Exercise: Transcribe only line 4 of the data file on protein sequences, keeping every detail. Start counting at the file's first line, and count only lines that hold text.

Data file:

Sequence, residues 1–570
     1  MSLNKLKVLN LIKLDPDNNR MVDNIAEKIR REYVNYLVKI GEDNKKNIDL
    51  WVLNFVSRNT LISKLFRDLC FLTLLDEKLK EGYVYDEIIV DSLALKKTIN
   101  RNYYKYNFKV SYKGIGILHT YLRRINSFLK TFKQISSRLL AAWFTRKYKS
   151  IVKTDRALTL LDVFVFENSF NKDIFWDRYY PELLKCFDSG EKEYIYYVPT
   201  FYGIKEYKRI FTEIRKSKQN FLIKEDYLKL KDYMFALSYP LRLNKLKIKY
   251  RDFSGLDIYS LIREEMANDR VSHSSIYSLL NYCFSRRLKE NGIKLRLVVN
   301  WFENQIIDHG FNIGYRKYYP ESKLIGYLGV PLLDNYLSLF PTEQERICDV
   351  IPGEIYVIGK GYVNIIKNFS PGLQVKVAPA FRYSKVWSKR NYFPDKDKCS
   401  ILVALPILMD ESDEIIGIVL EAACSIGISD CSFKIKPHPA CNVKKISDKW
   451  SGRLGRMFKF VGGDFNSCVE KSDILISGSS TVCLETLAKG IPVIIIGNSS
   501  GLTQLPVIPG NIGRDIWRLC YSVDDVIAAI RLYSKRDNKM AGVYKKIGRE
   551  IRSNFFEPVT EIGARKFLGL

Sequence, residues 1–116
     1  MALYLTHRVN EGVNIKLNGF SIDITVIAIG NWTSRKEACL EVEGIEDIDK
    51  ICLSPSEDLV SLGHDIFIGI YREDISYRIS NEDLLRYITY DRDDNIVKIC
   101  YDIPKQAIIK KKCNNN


   101  RNYYKYNFKV SYKGIGILHT YLRRINSFLK TFKQISSRLL AAWFTRKYKS